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Slutwalk today aims to smash stereotypes amid controversy surrounding the march

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In a sea of marching people, camera lenses seek and find the snapshots of women decked out in revealing costumes, their flesh painted with words of defiance.

For six months, these images have played the starring role in Slutwalk, a global movement protesting sexual violence. Despite the brisk October day, they may star again this afternoon, as hundreds march through downtown Winnipeg for the city's own edition of the march.

As saucy as some of the outfits are, they are not necessarily the norm. In the background of Slutwalk's most famous photos, just out of focus, the majority of marchers walk in jeans and sweaters or just... whatever.

Critics call this milieu "the pornification of protest." Admirers call it the most exciting feminist movement in decades. Maybe both are right; maybe neither are. "The event itself is a polarizing thing," said Gaz Black, a father, paramedic and one of the organizers of Slutwalk Winnipeg.

"Either you're really for it or really against it. Those that aren't sure seem to be sitting back, listening and thinking, which is a good thing. But there is a concern it could be seen as an attention-grabbing spectacle, rather than a movement."

And all these flames were fanned by a one-syllable weapon of a word.

-- -- --

"Slut" slipped into the English language about 600 years ago, falling first from the lips of people for whom it meant a woman (or occasionally a man) who was "sloppy" or "unkempt." Before that, the word's history is blurry; after, it sharpens into razor focus.

The dictionary definition: "A promiscuous woman; especially: PROSTITUTE."

One definition: "Two words: Paris Hilton."

So the word was well-established on Jan. 24, 2011, when Toronto police officer Const. Michael Sanguinetti told a group of York University students not to "dress like sluts" in order to protect themselves from rape. "I've been told I shouldn't say this," he said, before uttering the phrase that launched a global backlash.

Weeks later, on a bleak Sunday in April, thousands marched through downtown Toronto to the headquarters of the Toronto police. In a flash of fury over Sanguinetti's comment, organizers called the protest Slutwalk, and punctuated it with a bold and simple slogan.

"Because we've had enough."

They weren't alone. By summer's end, Slutwalk was a global phenomenon and, as American feminist author Jessica Valenti put it, "the most successful feminist action of the past 20 years." Since April, tens of thousands of women and men have marched under its banner, demanding an end to rape and an end to women being blamed for being raped. There have been Slutwalks in Mumbai, in London, in Melbourne and Mexico City, where the event was known as Marcha de las Putas.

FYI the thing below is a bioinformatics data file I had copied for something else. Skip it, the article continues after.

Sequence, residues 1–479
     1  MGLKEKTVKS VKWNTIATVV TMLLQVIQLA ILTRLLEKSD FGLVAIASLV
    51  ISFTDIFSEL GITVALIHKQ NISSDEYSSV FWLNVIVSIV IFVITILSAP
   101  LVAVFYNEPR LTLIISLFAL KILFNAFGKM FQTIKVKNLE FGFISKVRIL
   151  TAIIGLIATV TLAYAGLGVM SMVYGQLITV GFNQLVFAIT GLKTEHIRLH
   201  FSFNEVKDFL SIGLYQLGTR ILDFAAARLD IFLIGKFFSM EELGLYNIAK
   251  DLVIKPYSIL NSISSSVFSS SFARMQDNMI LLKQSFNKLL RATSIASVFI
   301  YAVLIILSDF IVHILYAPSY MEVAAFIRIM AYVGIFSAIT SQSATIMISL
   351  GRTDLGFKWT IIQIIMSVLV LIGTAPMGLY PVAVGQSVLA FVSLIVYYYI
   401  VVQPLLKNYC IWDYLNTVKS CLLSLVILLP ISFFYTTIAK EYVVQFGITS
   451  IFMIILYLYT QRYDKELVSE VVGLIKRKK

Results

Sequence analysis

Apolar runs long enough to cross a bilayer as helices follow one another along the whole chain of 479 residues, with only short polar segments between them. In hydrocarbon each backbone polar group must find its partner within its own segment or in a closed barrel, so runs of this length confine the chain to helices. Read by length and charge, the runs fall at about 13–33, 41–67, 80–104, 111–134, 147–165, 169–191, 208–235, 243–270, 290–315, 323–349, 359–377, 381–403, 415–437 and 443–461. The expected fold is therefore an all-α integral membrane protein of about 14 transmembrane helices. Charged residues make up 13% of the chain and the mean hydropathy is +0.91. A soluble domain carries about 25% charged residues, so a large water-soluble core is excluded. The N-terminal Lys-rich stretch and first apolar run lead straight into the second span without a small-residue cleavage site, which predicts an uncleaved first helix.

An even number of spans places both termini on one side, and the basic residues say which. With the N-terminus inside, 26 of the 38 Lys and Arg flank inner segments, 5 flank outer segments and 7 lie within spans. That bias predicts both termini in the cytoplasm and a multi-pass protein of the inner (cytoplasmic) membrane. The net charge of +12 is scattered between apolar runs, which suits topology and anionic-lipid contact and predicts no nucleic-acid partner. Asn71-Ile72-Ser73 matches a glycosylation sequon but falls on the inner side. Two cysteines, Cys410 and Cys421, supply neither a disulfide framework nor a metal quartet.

And then Nila Cottrell found out about it, and Slutwalk came to Winnipeg.

-- -- --

Like many Slutwalk organizers across the world, Cottrell, 22, had never organized a feminist action before. But after two explosive headlines -- Sanguinetti and the "clumsy Don Juan" comments of Manitoba Justice Robert Dewar in January as he described a man convicted of rape -- she felt she had to act.

After all, she too lives in a world where one in four Canadian women will be sexually assaulted in her life, many as children, many more than once. Most will never report their rapes to police, largely fearing they will not be believed. Sanguinetti's comments certainly didn't improve that perception.

But the movement that exploded out of Toronto, Cottrell hoped, could push those issues into the spotlight. "We should be outraged enough to start our own Slutwalk," said Cottrell, a University of Winnipeg student. "It's creating room to talk about victim-blaming and sexual assault. It's hard for a lot of people to talk about it and hard for a lot of people to hear about it."

In August, Cottrell started a Slutwalk Winnipeg Facebook page, hoping others would join in. They did. By early October, more than 2,500 people had signed up in support of the event. But in taking up the Slutwalk brand, Cottrell and fellow organizers inherited a lightning rod.

"We worked so hard to try and get rid of that word," one longtime Winnipeg feminist organizer said, with a sigh. "Now they want to bring it back?"

Maybe, maybe not. While the original Toronto Slutwalk aimed to reclaim the word "slut," and some marchers may feel the same, scholars doubt the word can be salvaged. Cottrell herself isn't convinced that anything can take the sting out of the word "slut."

Instead, she sees the Slutwalk banner as a rallying cry. "Whenever someone says 'slut,' they always mean 'someone who's not like me,' " she said. "The 'slut' is The Other. But we're making a movement of solidarity. We're saying, if you call her a slut, then you're calling all women one."